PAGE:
decisions based on like-cases rather than arbitrary ones, which prevents
inequality and prejudices19. With
consistency, there is a higher regard for the Supreme Court and judges’
decisions are perceived credible. Furthermore, cases that have comparable facts
will be unlikely to proceed to litigation, as the outcome can be anticipated. Thus,
countless case outcomes can be discerned, saving money and time.

Ratio decidendi and obiter
dictum develop the concept of judicial precedent. Chiefly, the ratio provides a reason for the decision20, ensuring
that both parties are able to comprehend the verdict and is a form of binding
precedent21.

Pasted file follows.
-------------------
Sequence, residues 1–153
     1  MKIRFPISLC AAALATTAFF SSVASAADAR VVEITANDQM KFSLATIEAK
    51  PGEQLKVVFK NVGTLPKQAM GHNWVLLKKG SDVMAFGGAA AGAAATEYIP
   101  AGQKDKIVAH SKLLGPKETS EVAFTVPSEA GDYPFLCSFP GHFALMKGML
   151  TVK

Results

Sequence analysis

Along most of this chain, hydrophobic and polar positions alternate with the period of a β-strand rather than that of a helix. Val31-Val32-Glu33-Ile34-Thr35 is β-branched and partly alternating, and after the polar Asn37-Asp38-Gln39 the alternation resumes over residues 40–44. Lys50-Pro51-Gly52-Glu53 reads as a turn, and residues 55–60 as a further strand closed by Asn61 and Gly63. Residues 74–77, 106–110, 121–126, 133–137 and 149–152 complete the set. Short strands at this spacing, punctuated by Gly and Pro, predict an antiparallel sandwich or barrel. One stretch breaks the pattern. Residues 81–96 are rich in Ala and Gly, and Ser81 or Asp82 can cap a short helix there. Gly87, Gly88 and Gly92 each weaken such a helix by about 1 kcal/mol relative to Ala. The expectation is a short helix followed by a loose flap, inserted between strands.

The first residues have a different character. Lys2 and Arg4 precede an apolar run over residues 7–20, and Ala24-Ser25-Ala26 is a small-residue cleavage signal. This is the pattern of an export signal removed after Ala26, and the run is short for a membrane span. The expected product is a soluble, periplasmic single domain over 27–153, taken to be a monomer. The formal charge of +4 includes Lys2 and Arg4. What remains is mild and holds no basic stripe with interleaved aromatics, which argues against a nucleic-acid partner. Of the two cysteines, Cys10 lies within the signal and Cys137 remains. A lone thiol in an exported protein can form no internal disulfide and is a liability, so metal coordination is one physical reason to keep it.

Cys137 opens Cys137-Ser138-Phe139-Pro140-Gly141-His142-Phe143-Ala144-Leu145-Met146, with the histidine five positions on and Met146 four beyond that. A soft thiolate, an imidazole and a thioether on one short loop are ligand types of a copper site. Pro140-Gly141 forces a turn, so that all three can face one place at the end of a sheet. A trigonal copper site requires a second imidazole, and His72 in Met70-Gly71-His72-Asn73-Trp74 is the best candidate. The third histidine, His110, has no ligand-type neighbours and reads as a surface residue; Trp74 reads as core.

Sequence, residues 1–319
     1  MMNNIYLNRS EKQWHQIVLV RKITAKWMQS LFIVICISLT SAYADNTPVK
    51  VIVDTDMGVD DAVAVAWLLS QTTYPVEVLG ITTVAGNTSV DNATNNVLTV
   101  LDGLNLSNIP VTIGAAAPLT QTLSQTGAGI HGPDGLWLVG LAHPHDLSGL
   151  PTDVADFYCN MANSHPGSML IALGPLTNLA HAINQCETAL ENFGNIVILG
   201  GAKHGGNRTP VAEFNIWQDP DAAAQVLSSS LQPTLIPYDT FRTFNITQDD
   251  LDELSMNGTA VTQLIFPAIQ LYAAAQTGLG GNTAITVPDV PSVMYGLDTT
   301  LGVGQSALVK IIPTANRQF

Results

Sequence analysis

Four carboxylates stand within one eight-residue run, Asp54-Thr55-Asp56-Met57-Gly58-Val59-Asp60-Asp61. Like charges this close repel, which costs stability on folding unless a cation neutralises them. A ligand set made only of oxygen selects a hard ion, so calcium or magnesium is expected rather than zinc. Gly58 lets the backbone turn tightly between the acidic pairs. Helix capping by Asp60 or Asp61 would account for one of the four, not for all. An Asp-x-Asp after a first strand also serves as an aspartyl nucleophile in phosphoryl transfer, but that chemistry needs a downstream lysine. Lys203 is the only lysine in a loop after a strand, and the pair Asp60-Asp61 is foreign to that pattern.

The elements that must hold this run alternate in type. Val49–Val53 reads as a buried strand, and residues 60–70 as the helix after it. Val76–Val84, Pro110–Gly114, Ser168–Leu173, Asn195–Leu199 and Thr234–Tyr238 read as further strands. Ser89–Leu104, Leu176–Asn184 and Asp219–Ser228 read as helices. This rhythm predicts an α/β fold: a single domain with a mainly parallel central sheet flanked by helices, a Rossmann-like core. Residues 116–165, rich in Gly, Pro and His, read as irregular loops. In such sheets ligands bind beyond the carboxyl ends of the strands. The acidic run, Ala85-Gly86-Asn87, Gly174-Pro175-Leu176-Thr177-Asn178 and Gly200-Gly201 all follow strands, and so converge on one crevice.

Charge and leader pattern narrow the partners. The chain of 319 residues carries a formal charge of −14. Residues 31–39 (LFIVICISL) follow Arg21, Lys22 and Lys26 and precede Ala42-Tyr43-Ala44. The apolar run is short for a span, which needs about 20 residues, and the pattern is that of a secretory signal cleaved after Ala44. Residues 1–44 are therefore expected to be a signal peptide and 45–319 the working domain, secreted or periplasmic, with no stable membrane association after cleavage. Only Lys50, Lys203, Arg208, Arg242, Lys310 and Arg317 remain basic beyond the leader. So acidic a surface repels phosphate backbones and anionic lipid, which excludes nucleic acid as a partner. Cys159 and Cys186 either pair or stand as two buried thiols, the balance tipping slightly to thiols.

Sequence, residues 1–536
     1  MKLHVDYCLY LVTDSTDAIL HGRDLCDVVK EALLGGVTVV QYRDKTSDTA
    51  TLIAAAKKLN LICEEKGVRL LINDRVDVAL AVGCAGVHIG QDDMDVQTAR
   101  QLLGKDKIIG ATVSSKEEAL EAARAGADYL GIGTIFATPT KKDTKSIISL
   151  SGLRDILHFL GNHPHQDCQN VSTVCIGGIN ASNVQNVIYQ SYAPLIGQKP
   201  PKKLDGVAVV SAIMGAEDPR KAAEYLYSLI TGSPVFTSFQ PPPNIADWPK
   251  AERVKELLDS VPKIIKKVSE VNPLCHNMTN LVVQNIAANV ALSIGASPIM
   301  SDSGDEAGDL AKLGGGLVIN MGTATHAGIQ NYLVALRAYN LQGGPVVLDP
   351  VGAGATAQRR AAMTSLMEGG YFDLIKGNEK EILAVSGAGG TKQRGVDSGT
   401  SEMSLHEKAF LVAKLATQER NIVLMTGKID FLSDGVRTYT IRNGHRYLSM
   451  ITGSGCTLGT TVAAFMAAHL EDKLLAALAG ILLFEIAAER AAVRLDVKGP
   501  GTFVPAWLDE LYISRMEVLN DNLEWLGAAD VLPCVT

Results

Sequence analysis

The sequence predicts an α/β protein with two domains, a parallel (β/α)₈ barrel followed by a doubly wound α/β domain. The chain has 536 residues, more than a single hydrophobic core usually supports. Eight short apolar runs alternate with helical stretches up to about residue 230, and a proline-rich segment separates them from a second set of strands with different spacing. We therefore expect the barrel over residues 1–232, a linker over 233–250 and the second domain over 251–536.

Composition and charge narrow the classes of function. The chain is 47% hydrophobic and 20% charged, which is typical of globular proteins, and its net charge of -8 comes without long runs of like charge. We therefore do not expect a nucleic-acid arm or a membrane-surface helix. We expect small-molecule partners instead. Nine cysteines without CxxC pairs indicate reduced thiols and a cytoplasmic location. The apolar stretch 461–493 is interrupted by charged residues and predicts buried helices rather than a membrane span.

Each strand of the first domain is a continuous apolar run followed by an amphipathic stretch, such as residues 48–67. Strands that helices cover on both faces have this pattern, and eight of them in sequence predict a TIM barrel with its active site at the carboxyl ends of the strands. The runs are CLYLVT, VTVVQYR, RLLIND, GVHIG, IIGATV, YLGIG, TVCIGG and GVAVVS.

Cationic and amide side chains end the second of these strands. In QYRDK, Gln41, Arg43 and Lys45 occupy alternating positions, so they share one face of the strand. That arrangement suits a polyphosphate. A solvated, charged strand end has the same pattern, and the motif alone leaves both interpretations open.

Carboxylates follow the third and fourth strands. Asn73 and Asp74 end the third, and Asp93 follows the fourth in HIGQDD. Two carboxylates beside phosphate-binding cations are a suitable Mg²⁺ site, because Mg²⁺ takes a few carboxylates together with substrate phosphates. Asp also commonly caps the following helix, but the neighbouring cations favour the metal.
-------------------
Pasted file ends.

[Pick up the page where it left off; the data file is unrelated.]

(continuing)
The obiter dictum also influences
cases, where lawyers can utilise these ‘by the way’ statements22 to
persuade the judges in favour of a decision, or judges can employ them to
support their verdict as a form of persuasive precedent23. The obiter dictum from R v Howe & Bannister 198724 was
employed to persuade the decision in R v Gotts
199225,
stating that employing duress as a defence-mechanism was unavailable to
attempted murder. Also, both the ratio
and obiter dictum are not clearly
identified in case reports, resulting in ambiguity and debate26. In
addition, though a judgment may resemble a previous decision, the reason behind
the verdict may differ, displaying that judgments are often unclear.

According to Montesquieu, separation of powers27 should
exist between the judiciary, executive and legislature, to guarantee that one
body does not exceed their authority. The Constitutional Reform Act 200528 transformed
the judiciary and formally developed the concept of the distribution of powers
by creating an autonomous Supreme Court. Though steps are being taken to
establish the separation of powers, in reality, the three bodies overlap and
remain interdependent.